Under The Sun
Wednesday, March 12, 2003
The doctrine that the national government has only specifically-enumerated powers, among which is the right to legislate any question on which one disagrees with a state-level law or decision.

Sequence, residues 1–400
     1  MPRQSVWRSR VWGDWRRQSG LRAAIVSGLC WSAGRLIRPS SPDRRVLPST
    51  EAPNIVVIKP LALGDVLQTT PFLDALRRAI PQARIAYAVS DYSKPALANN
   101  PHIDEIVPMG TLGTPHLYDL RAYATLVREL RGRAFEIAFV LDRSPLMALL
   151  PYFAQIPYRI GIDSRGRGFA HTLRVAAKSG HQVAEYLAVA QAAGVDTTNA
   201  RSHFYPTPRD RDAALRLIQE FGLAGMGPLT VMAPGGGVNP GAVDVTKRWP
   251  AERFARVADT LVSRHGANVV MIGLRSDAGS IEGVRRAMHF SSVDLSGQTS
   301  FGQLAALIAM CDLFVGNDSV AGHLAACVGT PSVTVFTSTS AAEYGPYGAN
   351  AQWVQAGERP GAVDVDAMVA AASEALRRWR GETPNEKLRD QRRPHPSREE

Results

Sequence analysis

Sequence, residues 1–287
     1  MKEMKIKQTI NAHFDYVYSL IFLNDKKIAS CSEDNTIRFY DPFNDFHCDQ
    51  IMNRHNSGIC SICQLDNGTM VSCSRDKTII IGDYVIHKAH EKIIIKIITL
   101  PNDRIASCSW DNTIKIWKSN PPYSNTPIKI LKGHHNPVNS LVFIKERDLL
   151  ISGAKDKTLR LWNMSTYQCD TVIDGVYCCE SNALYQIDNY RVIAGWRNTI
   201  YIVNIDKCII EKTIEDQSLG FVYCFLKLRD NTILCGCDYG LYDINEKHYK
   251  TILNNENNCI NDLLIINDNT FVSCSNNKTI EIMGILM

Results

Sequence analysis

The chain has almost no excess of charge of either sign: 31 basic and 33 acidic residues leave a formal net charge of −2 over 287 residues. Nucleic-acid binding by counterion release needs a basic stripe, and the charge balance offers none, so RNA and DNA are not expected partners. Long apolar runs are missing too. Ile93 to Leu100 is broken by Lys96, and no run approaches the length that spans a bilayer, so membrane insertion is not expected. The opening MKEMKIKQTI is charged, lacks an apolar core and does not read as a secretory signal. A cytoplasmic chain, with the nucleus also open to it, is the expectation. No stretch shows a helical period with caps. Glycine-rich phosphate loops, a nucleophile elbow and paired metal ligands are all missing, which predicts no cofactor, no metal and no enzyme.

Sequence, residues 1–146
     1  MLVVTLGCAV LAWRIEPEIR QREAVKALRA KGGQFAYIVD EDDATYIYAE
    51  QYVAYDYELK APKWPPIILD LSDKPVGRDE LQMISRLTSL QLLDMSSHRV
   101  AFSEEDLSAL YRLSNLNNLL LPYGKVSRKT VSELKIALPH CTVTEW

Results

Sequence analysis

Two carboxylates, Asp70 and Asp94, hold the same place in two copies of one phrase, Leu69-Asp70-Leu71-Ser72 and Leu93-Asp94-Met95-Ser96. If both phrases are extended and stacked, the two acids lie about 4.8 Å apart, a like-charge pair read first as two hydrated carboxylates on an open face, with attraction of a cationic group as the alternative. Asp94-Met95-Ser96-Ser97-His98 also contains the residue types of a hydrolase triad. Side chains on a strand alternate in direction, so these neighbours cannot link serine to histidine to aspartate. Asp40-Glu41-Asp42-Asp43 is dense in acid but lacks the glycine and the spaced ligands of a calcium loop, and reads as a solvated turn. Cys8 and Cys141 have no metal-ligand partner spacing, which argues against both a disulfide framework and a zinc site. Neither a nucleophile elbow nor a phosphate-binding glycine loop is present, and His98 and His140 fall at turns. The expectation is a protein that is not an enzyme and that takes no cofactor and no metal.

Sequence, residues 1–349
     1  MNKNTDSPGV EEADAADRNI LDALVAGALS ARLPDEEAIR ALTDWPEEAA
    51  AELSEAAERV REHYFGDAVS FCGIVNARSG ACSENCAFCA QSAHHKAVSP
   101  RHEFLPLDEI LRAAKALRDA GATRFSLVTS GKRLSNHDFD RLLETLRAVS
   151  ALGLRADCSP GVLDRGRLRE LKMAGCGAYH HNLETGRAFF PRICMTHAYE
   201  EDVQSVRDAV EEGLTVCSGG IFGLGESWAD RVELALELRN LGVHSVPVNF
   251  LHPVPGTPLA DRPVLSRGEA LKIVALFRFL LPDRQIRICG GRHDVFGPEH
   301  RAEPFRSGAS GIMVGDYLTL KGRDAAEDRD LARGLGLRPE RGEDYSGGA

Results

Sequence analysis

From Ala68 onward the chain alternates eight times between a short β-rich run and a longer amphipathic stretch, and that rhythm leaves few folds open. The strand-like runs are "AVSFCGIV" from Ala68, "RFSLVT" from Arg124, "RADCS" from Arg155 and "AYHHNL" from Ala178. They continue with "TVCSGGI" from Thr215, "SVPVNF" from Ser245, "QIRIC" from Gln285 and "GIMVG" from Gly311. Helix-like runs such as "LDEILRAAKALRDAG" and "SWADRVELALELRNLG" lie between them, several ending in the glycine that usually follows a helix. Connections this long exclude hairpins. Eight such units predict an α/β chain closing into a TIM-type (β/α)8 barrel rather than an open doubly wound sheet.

This is a bad thing. Yes, states' rights served as a platform for two centuries of peculiar institutions in the South. Yes, the right to vote is still more universal in theory than in practice. But at some point, my fingers must be removed from your pies, and the Constitution mandates that point--even though it sometimes gives the states the right to be wrong.
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